A new irrigation scheme and some fresh vegetables. That sounds simple but that could be the bedrock to ensuring that thousands of people do not go hungry and malnourished. The World Foood Programme (WFP) and its partners in Chad are increasingly working on such projects as part of food assistance for asset creation (FFA) activities to help people , including refugees, work towards a time of Zero Hunger.
In Farchana, located about 1,000 km from the Chadian capital N’Djamena , more than 30,000 people are involved in a series of activities supported by the German government through WFP to support self-reliance.
In this region of Chad which hosts several refugees, these projects do not only build resilience through new wells, gardens and fields; they also contribute to tighten bonds between communities.
“When refugees arrived more than 10 years ago we didn’t know that humanitarian organizations were going to help,” says Adam Haroun Ahmat, the village chief. “We welcomed them and this project is deepening our ties.”
The work done by both host communities and refugees expands the availability and diversity of food produced and consumed locally, and ensures that local food production and income-generating activities can continue through shocks and crises.
“You work all together for you and your families,” says Ndeingar Toutoadoum, WFP Chad’s Senior Programme Officer. “Our assistance is like the sugary tea you like to drink: it boosts you but at the end of the day it’s your combined efforts and your involvement which will make all the difference,” Ndeingar tells community members during a project review meeting.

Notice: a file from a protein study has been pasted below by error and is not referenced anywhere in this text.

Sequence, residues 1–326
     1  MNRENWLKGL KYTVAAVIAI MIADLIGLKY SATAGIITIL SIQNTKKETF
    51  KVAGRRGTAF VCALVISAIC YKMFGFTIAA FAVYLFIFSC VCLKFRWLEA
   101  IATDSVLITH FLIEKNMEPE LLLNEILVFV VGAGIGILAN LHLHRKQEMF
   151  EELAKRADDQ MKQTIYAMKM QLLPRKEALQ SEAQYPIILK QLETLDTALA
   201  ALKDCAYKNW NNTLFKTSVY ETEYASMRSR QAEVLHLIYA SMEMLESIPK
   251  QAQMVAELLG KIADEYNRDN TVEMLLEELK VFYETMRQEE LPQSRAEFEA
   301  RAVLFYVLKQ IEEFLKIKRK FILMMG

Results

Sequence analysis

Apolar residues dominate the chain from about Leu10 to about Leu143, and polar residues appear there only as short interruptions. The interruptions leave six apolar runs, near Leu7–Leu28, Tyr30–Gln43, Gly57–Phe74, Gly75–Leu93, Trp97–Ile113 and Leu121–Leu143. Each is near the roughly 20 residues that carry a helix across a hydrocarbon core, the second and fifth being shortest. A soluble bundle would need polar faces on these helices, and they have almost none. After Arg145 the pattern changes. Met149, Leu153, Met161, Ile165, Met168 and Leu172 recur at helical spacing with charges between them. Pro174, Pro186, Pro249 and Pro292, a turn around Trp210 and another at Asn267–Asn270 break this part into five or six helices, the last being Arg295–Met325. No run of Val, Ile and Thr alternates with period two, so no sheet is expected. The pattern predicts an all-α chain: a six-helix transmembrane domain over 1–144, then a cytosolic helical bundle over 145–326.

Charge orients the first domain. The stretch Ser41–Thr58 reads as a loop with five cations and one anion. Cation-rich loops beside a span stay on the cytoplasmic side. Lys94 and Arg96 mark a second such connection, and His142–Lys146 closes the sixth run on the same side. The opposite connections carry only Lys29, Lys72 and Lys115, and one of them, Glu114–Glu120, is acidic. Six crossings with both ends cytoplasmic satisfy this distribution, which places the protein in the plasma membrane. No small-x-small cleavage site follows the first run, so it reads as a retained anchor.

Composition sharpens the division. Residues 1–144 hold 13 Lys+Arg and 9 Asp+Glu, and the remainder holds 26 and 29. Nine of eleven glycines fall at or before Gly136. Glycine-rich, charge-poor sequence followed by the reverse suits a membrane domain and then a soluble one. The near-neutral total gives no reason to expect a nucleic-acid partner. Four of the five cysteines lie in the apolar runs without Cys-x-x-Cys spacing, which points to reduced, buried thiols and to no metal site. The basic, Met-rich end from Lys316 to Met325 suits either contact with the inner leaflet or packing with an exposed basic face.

“So, help us to help you.”
“We receive cash assistance for our work. We can buy meat, poultry to prepare the family meal. We even share our meals during feasts and special occasions.”
A separate dimension of the project supported by the German Government helps restore degraded landscapes. The community in this arid environment found it difficult to store the little water that came through during the brief rainy season.
This arid environment will be completely different in a few months time when rain will come (June/September). The main problem is to keep all the rain which will fall in a few days. That’s why part of the FFA project is dedicated to the building of a stone wall which will retain water and will enable participants to increase the crop’s yield.
Chad is hosting more than 400 000 refugees from Sudan , the Central African Republic and Nigeria.
WFP Chad is assisting them with the support of Canada, China, DFID, ECHO, Germany, Japan, Switzerland, UN Central Emergency Response Fund (CERF), and the United States of America.
Follow us on @WFP_Chad and @WFP West Africa
Written by Nathalie Magnien